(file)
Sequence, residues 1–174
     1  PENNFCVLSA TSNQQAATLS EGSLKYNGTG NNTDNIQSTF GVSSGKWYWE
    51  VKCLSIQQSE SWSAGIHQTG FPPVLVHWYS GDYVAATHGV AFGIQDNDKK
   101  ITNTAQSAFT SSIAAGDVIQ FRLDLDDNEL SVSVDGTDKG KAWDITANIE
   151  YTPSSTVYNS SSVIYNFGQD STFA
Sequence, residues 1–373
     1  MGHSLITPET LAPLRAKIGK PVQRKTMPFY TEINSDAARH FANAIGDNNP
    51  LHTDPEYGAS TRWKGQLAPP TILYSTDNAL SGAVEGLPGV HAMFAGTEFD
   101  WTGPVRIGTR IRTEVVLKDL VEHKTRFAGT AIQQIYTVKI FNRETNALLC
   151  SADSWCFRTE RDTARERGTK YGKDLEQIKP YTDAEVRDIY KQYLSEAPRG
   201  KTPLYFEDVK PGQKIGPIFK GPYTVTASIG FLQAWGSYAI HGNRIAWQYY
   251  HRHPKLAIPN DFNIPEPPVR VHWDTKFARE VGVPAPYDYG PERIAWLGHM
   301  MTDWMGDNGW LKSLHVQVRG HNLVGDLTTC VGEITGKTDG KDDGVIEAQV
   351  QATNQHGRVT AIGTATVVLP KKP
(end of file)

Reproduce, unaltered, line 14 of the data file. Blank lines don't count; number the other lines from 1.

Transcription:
   351  QATNQHGRVT AIGTATVVLP KKP